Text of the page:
Social Security advocates fear payroll tax cut
WASHINGTON: President Barack Obama's plan to cut payroll taxes for a year would provide big savings for many workers but makes Social Security advocates nervous that it could jeopardize the retirement program's finances.
The plan is part of a package of tax cuts and extended unemployment benefits that Obama negotiated with Senate Republican leaders. It would cut workers' share of Social Security taxes by nearly onethird for 2011. Workers making $50,000 in wages would get a $1,000 tax cut; those making $100,000 would get a $2,000 tax cut.
The government would borrow about $112 billion to make Social Security whole. Advocates and some lawmakers worry that relying on borrowed money to fund Social Security could eventually force it to compete with other federal programs for scarce dollars, leading to cuts.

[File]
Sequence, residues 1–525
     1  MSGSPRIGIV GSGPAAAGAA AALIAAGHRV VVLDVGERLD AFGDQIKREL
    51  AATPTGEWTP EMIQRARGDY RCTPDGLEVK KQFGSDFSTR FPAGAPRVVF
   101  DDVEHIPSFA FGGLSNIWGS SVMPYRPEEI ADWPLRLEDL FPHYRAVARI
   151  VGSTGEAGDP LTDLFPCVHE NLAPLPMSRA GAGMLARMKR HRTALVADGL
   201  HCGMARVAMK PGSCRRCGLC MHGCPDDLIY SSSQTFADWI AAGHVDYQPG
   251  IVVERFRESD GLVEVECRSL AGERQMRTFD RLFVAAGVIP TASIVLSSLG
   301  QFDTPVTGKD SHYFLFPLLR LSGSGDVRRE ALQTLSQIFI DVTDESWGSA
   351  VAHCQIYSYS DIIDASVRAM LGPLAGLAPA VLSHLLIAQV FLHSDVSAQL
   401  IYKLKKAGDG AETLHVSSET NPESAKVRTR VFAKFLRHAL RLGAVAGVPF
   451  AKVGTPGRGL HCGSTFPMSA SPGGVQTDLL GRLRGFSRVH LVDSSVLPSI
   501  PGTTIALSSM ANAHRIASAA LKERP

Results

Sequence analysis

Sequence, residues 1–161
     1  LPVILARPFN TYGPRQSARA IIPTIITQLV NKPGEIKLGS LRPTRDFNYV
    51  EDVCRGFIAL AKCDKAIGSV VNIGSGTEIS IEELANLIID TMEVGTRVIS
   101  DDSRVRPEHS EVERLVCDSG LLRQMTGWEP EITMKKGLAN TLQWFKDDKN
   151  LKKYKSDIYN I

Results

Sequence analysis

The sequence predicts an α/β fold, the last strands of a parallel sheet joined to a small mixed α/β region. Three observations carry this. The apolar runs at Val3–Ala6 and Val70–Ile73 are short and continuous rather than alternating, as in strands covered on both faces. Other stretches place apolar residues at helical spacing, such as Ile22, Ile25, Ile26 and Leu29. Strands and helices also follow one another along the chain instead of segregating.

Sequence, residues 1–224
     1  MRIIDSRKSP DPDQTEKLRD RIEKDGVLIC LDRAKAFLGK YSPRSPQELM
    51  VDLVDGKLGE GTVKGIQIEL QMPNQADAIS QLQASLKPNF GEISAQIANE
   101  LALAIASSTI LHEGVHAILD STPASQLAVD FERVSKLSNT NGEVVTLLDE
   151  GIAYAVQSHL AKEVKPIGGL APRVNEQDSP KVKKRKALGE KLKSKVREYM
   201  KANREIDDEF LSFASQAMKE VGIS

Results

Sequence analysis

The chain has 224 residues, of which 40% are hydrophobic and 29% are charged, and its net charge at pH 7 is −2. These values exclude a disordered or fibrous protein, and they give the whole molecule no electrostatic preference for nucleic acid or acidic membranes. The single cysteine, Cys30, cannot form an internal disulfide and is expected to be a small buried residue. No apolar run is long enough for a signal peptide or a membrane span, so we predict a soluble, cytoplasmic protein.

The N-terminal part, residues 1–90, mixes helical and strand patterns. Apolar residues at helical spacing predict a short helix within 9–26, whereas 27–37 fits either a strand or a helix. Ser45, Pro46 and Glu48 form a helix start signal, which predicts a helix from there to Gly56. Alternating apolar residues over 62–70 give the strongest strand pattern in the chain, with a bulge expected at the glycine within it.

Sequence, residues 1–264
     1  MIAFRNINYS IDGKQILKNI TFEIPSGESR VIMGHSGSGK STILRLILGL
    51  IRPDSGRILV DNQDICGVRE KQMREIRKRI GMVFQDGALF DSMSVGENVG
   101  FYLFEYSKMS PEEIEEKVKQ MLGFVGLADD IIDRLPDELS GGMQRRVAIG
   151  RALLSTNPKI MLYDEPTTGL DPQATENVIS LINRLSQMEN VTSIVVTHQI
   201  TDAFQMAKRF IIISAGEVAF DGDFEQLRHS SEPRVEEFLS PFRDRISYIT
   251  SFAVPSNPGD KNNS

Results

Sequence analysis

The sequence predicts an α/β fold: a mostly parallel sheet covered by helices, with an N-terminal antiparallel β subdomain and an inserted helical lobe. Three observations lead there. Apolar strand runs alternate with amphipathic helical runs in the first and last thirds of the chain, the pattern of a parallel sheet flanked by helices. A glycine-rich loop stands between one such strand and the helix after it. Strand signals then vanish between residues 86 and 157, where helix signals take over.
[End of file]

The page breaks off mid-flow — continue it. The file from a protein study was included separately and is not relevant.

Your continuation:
Social Security taxes "ought to be held sacrosanct," said Rep. Earl Pomeroy, D-N.D., chairman of the House Ways and Means subcommittee on Social Security. Social Security is funded by a 6.2 percent payroll tax on the first $106,800 earned by a worker. -Reuters